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I think I left the teller at the bank genuinely disturbed when I told him that “If I can’t afford it, I just don’t buy it.” 
“What about a car? Do you drive a car?” he inquired, his voice toning on the edge of fear.  
I told him, “Yeah, I have a vehicle. I bought it used for under $3,000.” 
He looked physically pained. “What about if you want to buy some kind of new appliance? Or furniture?” he persisted.
I stared at him blankly. “My couch was $5.00 at Goodwill. Like…I just buy shit cheap or I don’t buy it at all. The only thing in my life that I make payments on is my house, my bills, and my insurance, and that’s split five ways because I have housemates.” 
The young man looked horrified? Appalled? And somehow also awed? 
This guy couldn’t have been much older than me. But it seemed that he’d never even considered the option before of saving up for something to purchase it outright instead of using a credit card.
Am I the only person in my general age group (just turned 26) who’s never owned a credit card, and who has forgone basic comforts in order to save up for items so you don’t owe money to anyone, like, ever? 

If you’re living in the US without a credit card at 26, you’re playing with danger.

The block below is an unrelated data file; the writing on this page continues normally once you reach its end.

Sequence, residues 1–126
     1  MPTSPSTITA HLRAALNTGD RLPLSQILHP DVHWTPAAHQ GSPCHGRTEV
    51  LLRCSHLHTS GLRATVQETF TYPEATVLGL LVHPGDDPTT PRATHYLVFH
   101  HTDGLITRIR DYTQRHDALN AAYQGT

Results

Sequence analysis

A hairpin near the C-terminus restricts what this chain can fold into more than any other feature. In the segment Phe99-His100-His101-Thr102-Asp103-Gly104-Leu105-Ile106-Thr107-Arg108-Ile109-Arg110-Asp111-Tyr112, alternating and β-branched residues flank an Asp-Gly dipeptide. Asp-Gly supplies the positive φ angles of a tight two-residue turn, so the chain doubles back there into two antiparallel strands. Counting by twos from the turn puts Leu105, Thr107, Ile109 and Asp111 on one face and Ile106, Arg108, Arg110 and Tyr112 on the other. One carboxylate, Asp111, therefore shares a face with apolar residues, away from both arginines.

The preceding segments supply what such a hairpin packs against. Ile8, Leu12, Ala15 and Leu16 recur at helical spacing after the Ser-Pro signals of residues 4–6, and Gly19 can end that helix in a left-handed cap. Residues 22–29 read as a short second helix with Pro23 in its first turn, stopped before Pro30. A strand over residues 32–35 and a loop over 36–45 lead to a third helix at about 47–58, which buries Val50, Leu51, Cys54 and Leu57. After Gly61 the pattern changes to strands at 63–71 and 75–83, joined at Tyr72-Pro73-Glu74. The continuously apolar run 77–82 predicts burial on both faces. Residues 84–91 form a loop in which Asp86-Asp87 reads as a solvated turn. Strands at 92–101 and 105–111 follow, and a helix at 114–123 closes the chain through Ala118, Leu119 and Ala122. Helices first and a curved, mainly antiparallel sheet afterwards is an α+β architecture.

No credit is viewed as the same as bad credit. Which means you could be denied if you ever do need to rent an apartment or a car. Hospitals and clinics are also less likely to allow payment plan programs for people without good credit.

The best thing you could do at this point is apply for a credit card you’re eligible for and pay a few things (I do gas and groceries myself) with it each month. As long as you keep it to zero balance each month there is no interest and there will be proof of you not having debt (instead of just the absence of debt).

what.

This is legit how it works.  The system requires records on you, or else.  So you need a credit card and worse, you need to have a record of using it, even if you pay it off every single month.  Unfortunately, the formulas used to determine credit score are secret, so we also have people suggesting that your credit rating is helped if every so often you do pay a bit of interest.  The whole thing is a complete mess.  If you don’t have a credit rating/history, then any loans you manage to get will be at extremely high interest and will require much more effort than they really should.

what

yeaah let me just go get a card that i can’t pay off because capitalism is shit, even if i literally only buy a pack of gum
that’d go well

If you pay it off in full every month there is no interest.  Do what OP is doing but put some of that on your credit card and pay it off every month, and soon you will have a very good credit rating.